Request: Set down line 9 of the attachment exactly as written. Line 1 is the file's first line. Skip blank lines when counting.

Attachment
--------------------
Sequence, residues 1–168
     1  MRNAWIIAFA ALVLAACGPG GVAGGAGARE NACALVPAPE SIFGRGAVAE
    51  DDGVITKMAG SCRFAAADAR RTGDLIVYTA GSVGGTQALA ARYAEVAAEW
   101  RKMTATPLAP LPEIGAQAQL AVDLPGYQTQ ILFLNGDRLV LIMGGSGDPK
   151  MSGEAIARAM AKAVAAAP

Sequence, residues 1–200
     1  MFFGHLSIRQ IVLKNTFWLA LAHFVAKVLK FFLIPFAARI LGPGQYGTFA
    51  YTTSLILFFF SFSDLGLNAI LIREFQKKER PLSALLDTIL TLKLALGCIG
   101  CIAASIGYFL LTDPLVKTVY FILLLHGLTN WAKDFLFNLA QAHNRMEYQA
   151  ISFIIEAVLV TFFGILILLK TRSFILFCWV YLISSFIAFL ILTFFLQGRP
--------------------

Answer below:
   101  CIAASIGYFL LTDPLVKTVY FILLLHGLTN WAKDFLFNLA QAHNRMEYQA